Industry trends – monitor the industry that your company operates in. Look for growth opportunities and understand your company’s strategy for capturing market share.

Understand the factors that can affect the liquidity of the market – are lower interest rates and tax cuts freeing up resources for the company’s growth plans?

How your company is financing growth – are they growing as expected?

Know your leaders and their track record – a company’s strong executive team will likely yield continued success.

Understand your company’s P/E (price to earnings) ratio – look for strong cash flow and well-managed costs.

Your Current Financial Needs

The decision to exercise should consider the need for cash, the proximity to the option's expiration and/or the current stock value as compared to its expected future value. With regard to ISOs, because of taxes, the required holding periods should be considered when determining when to exercise the options and/or sell the underlying stock.

Balancing Your Portfolio

You may also choose to exercise an option if your company's stock represents a large portion of your investment portfolio and you wish to diversify your holdings. Some professionals say to reduce investment risk, company stock should not represent more than 40 percent of your portfolio.

Market Conditions

Obviously, market conditions will play a large role in your decision to exercise your option. If the stock underlying the option appreciates, you may wish to hold on to options as long as possible in order to take advantage of future gains.

Tax Ramifications

In the case of NSOs, you may want to consider exercising your option over a few years to avoid being forced into a higher tax bracket. Remember, the spread on NSOs is subject to regular income tax at the time of exercise. Because appreciation occurring before exercise is taxed as ordinary income, it may be advantageous to exercise over time.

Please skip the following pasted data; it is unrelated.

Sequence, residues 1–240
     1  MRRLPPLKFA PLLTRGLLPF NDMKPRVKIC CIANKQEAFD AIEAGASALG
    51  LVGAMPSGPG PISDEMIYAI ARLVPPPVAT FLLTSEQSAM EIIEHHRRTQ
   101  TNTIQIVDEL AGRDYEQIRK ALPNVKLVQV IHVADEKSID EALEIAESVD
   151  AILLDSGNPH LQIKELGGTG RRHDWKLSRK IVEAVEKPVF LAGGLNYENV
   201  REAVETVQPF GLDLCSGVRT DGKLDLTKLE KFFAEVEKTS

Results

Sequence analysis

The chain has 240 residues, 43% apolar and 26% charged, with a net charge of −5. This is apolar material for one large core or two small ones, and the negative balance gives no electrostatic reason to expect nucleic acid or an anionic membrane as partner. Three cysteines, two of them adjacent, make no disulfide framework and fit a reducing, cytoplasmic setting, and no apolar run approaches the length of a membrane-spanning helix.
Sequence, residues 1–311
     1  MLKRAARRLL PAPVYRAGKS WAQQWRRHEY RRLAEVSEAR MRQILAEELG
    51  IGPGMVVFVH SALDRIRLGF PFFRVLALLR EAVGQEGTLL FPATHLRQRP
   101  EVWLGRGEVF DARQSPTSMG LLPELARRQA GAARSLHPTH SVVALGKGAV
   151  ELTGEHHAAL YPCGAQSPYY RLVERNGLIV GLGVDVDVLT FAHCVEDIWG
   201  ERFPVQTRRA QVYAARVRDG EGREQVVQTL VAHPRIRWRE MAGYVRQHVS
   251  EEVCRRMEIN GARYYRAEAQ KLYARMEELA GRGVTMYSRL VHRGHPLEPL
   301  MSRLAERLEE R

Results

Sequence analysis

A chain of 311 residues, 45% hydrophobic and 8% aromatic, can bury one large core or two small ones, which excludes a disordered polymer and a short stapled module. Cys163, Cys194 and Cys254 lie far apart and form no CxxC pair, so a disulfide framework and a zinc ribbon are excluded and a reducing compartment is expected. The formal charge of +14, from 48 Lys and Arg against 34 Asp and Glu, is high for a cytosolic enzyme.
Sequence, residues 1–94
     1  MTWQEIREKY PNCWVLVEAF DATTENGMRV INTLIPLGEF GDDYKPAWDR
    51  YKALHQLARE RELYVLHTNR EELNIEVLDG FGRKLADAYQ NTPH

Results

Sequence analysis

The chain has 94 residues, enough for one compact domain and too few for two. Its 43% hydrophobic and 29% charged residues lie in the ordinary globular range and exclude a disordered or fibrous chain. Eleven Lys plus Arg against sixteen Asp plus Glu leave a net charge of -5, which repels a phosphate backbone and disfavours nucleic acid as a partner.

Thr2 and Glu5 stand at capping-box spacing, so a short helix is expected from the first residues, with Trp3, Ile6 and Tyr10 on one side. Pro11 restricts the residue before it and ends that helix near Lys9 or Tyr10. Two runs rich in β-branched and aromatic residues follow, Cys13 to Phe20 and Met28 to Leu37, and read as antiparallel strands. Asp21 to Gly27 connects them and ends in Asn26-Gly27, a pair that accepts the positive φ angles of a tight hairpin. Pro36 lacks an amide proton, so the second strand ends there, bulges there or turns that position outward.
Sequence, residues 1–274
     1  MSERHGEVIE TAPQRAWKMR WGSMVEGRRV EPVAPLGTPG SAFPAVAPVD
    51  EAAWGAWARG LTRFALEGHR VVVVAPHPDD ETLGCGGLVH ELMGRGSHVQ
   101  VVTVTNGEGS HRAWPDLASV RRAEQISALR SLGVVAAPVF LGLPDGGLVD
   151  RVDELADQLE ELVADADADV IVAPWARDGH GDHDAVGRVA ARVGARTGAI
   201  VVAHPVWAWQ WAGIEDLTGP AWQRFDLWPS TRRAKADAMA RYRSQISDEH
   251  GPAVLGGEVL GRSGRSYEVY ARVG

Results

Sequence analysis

Your company's nonqualified stock options may be transferable to family members. If so, you may be able to trim your estate tax by giving options to your heirs. The transfer may be gift tax free if the value transferred is $11,000 or less ($22,000 if married). notwithstanding the transfer, upon exercise the executive will be responsible for any income taxes generated.

Alan L. Olsen is the Managing Partner at Greenstein, Rogoff, Olsen & Co., LLP, a top Bay Area CPA firm. A specialist in income tax planning, he frequently lectures and writes articles on tax issues for professional organizations and community groups. Alan has over 21 years experience in advanced tax planning including international tax, company reorganizations, multi-state taxation, financial statement preparation, stock options, estates and trusts, and representation before tax authorities. Alan received a BS in Accounting from Brigham Young University and an MBA in Taxation from California State University at Hayward. His website is ranked among the top accounting sites in the nation, featuring tax tools and wealth management articles: